There will be some robbing.  It’s just what they do.  When it gets out of hand you won’t have to ask anyone if it is robbing or not – it looks violent, and chaotic.  If that happens  what has worked for me  is to suit up and thoroughly smoke  all hives that might be involved – both the criminals and the victims, and completely block up the entrances until about one half hour before dark – don’t suffocate them though. Then apply corrective actions.

Robber screens are my #1 way of preventing robbing – and I have many little bitty weak hives right next to big strong hives.

I would like to encourage anyone with tips, insights, or nasty remarks to leave a comment.

Posted in Honey Bee How to, Learn about Bee Keeping, Seasonal | 4 Comments

Saturday Apiary Session is ON – July 18

The Saturday apiary session for July 17 is ON at this time, but be sure and check back in the morning in case of cancellation.

The time will be tomorrow Saturday morning at 9:30 – These sessions are  open to anyone who is interested – no need to be a club member or have bees.

At tomorrow’s session we will be harvesting honey and treating for varroa mites.  Because of rain cancellations this is the first session we have been able to have since June 27 – which illustrates the point that the opportunities to participate in these hands on sessions is limited.

Please sign up for our email news letter and keep an eye on it or the website concerning these sessions as they are somewhat weather dependant and subject to cancellation.

The location is 5357 Bob Lynn rd. Cookeville TN 38501 – I estimate that they will only last about 45 – 75 minutes. Please be prompt as we will try to start on time. You must bring your own veil and you must wear it – other protective equipment is optional.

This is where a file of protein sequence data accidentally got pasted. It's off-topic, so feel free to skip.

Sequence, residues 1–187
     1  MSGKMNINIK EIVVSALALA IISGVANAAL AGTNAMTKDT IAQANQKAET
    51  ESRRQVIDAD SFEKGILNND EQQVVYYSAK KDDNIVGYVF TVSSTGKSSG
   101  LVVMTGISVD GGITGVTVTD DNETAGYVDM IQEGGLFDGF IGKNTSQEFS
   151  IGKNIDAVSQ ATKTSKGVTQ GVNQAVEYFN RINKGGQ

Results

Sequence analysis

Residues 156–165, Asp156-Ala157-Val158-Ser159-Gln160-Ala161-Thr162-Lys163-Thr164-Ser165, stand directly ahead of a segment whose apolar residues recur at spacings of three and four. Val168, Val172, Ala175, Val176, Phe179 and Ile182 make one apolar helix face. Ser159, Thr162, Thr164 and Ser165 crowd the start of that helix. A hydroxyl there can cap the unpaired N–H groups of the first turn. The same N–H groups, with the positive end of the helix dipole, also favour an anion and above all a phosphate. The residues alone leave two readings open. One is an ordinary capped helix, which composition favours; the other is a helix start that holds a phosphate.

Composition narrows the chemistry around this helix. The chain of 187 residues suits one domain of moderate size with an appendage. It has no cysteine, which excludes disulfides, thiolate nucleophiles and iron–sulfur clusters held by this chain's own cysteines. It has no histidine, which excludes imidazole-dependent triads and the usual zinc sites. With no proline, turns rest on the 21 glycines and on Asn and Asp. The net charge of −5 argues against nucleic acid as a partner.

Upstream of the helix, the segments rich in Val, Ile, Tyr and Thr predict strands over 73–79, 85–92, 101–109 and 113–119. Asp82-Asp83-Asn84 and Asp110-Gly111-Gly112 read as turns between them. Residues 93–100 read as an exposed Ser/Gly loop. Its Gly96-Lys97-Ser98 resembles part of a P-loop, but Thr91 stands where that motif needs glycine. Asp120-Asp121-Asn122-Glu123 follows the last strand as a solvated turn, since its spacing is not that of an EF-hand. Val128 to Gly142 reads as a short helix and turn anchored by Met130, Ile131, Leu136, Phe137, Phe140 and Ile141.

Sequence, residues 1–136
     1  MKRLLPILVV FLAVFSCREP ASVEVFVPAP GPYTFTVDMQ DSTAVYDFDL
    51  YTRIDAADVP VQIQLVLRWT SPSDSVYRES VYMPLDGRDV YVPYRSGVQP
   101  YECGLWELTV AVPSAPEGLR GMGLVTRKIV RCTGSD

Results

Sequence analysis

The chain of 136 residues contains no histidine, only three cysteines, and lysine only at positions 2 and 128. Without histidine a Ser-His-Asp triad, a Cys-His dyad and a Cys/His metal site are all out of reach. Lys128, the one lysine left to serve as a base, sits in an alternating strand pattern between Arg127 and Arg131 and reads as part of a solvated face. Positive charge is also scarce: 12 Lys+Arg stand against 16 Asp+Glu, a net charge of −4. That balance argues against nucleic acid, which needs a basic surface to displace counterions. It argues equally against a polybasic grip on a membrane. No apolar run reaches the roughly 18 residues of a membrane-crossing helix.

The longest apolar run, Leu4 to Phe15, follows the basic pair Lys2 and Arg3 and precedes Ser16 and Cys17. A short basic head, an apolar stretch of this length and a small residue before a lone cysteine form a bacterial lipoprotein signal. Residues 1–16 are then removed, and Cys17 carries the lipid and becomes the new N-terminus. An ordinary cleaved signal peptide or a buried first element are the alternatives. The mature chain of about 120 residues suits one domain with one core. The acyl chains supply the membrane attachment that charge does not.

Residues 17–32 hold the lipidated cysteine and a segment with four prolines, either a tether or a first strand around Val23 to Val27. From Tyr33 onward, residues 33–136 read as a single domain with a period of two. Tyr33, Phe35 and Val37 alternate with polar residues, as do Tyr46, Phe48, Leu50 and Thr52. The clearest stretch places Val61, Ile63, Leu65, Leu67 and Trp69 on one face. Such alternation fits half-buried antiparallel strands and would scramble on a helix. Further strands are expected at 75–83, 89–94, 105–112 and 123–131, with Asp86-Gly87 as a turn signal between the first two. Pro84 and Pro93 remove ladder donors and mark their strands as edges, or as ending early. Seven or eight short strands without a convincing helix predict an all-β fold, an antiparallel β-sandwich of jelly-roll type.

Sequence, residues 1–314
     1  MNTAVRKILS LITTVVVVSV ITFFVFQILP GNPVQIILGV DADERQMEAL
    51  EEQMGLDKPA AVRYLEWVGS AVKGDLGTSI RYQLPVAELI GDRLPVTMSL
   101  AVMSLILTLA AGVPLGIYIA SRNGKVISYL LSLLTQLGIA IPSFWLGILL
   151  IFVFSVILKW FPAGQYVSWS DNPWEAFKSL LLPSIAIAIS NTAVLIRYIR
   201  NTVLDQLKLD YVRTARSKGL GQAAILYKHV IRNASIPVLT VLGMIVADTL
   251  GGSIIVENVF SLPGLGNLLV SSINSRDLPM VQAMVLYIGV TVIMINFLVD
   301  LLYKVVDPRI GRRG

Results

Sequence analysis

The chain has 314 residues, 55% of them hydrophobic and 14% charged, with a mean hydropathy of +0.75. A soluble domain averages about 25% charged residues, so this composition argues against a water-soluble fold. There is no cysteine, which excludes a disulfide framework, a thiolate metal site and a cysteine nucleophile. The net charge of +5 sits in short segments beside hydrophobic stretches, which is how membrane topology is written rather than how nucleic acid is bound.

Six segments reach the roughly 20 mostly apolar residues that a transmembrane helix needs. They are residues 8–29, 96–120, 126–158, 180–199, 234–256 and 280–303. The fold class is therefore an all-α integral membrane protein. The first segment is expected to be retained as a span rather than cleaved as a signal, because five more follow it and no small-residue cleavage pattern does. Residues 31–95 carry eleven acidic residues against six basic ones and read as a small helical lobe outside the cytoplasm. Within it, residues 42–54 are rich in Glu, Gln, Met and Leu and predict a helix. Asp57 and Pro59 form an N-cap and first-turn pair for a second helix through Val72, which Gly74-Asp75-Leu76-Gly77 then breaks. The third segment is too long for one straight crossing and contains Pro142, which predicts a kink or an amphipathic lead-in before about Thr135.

Directions from North Willow and 12th street (TTU Gym and Hooper Eblen Center basketball arena)  to address 5357 Bob Lynn rd. Cookeville TN 38501

From Intersection of N. Willow and 12th street Head North on Willow.
Continue North on Willow approx 3.1 miles
Turn Right on Bob Lynn rd.
Continue on Bob Lynn rd for approx .4 miles.
Apiary is visible from the road on the Right – vacant wooded lot about 600 ft past Fox Ridge Rd.
Please try to park in a manner which will allow as much parking access as possible for everyone.

See you there.

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Saturday Apiary session called off due to Storms

Sorry for calling this off so late, but we are experiencing thunderstorms right now…

8:45 AM Saturday July 11

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Time to treat for Varroa Mites

After you have harvested honey or determined that you will not be harvesting honey – it is now time (July) to treat your bees for Varroa mites.  If you have not yet obtained your treatments you need to order them right away.